7. Interest Coverage Quarterly = 8.02
  8. Retention rate 94%

Notes

It is trading close to its 3 years lows and appears to be trying to put in a bottom. Investors willing to take a bit of risk could be rewarded well in the years to come provided you have an investing time line of 3-5 years as the ride up could be rather volatile. One strategy would be to sell puts with strikes in the 50-51 ranges. If the shares are assigned your entry price should be well below its three year low when the premium is factored in.

Company: Kodiak Oil Gas (NYSE:KOG)

Brief Overview

  1. Sales vs 1 year ago = 287%
  2. Sales vs 1 quarter ago = 494%
  3. Long term debt to equity ratio = 0.73
  4. Profit Margin = 7%
  5. Operating Margin = 18.5%
  6. Quarterly Revenue Growth = 499%
  7. Levered Free Cash Flow = - $1.07B
  8. Operating Cash Flow = 103M
  9. Beta = 3.27
  10. Percentage Held by Institutions = 65.8
  11. Short Percentage of Float = 4.4%
  12. 5 year sales growth rate 86.8%

Growth

  1. Net Income ($mil) 12/2011 = 4
  2. Net Income ($mil) 12/2010 = -2
  3. Net Income ($mil) 12/2009 = -3
  1. EBITDA ($mil) 12/2011 = 51
  2. EBITDA ($mil) 12/2010 = 6
  3. EBITDA ($mil) 12/2009 = 1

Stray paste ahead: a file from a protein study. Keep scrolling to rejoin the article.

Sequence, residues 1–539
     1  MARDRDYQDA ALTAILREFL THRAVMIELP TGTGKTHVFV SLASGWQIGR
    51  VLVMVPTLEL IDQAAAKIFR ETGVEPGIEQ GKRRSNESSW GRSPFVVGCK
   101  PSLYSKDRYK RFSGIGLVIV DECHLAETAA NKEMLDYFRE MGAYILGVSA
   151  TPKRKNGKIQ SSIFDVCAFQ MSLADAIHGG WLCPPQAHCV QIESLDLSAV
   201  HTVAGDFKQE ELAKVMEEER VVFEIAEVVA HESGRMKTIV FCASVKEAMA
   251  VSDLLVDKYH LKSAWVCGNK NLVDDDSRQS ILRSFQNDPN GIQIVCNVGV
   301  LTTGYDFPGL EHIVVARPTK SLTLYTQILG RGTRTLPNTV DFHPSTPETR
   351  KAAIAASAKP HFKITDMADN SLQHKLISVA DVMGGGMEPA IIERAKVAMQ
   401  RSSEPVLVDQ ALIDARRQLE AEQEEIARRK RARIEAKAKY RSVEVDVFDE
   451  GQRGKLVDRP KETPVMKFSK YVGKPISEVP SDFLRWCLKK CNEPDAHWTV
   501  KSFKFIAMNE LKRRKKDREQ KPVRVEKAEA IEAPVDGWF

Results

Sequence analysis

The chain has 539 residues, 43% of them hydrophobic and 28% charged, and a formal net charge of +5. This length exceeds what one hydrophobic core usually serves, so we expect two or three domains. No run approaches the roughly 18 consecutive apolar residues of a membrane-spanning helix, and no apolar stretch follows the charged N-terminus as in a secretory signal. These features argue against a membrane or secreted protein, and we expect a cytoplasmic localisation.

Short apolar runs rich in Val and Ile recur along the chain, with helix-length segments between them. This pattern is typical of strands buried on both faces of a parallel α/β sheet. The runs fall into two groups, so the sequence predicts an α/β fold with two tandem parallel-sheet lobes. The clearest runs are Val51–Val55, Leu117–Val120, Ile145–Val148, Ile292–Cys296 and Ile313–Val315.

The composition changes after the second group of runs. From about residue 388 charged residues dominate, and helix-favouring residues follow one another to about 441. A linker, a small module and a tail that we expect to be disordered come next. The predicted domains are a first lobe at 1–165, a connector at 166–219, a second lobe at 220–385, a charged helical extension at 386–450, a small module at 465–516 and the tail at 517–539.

4. Cash Flow ($/share) 12/2011 = 0.32
  5. Cash Flow ($/share) 12/2010 = 0.07
  6. Cash Flow ($/share) 12/2009 = 0.01
  7. Sales ($mil) 12/2011 = 120
  8. Sales ($mil) 12/2010 = 25
  9. Sales ($mil) 12/2009 = 11
  1. Annual EPS before NRI 12/2007 = -0.05
  2. Annual EPS before NRI 12/2008 = -0.1
  3. Annual EPS before NRI 12/2009 = -0.02
  4. Annual EPS before NRI 12/2010 = 0.03
  5. Annual EPS before NRI 12/2011 = 0.17

Performance

  1. Next 3-5 Year Estimate EPS Growth rate = 50
  2. ROE 5 Year Average = -7.06
  3. Current Ratio = 1.76
  4. Current Ratio 5 Year Average = 3.93
  5. Quick Ratio = 1.5
  6. Interest coverage = 1.60

Notes

A spectacular quarterly revenue growth rate of 499% and an estimated EPS growth rate of 50% for the next 3-5 years make this play worth taking a closer look at. It also sports a high beta which makes it a good candidate to sell puts on. Selling puts enables one to get into the stock at price of one's choosing and as it has a high beta the puts should fetch high premiums.

Company: Intuitive Surgical (NASDAQ:ISRG)

Brief Overview

  1. 5 year sales growth rate = 28.7%
  2. Sales vs 1 year ago = 24%
  3. Levered Free Cash Flow = 545M
  4. 5 year EPS growth rate = 34%
  5. Short Ratio = 5.3